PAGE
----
If you are in despair at the end of #NaNoWriMo, consider writing my way.

“Yeah, but what does the divan look like?”

Illustration by: Lewis Minor

We are nearing the end of yet another “National Novel Writing Month,” which suggests to me that a few people will have accomplished something and a lot of people will have added yet another disappointment to their catalogs of regret.

I have no informed opinions about #NaNoWriMo, this because there is only one reason to write fiction, and it ain’t competition. But I hate the idea of people making art their enemy by waging a campaign on it. If you are in deep despair because you’ve piled up a lot of words – or wish you had – but made no art, why not try a different way to get the job done?

Art matters? If all you care about is milking fools by tickling their vices, you can stop now. You’re going to hate me, and I sincerely wish you and everyone who thinks that way would find something positive to do with your time, instead. Art is leadership, and so-called art that leads people to worse choices, worse behavior, worse fates – that’s not art, that’s evil. Get help – but first stop hurting people.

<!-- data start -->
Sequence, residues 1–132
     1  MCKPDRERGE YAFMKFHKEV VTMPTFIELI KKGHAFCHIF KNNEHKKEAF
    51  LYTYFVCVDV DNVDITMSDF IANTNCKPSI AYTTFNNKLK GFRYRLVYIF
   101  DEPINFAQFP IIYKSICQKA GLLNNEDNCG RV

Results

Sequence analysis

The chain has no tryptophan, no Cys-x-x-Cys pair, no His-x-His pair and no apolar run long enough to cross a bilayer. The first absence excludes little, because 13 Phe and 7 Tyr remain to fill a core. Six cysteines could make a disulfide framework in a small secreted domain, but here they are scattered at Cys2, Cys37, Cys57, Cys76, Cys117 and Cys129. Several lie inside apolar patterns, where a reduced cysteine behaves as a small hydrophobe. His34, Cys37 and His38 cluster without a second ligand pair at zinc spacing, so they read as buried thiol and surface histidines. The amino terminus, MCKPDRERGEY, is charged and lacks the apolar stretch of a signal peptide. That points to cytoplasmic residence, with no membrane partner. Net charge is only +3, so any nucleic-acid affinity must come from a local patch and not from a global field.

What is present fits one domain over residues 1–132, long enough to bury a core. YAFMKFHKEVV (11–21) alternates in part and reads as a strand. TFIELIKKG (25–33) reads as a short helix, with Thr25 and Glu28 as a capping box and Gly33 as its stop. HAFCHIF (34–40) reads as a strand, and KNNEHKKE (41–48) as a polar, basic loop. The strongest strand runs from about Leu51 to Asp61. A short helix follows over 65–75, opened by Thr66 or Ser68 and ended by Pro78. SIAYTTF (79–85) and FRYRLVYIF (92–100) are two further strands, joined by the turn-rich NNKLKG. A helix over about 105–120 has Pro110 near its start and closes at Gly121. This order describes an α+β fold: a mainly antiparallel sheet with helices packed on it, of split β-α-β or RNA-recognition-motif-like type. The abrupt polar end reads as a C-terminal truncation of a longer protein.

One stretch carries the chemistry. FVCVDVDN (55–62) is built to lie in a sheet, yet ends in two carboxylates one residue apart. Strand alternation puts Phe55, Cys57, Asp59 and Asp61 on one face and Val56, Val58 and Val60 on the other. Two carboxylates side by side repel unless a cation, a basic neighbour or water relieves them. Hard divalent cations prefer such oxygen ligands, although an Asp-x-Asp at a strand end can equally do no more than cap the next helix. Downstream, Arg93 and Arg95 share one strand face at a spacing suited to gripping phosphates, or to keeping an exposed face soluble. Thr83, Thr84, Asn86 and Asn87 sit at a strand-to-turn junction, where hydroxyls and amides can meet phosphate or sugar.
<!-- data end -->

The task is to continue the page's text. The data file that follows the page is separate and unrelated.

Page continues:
But does the novel matter? Why would it? The novel was visualization porn for people with limited vistas, so, alas, your detailed description of that paisley-upholstered divan was obviated by lithography even before photography. That would be two hundred years ago. People know what paisley looks like – and know not to care, since all divans are upholstered in something – so your padded word count can shrink by a lot.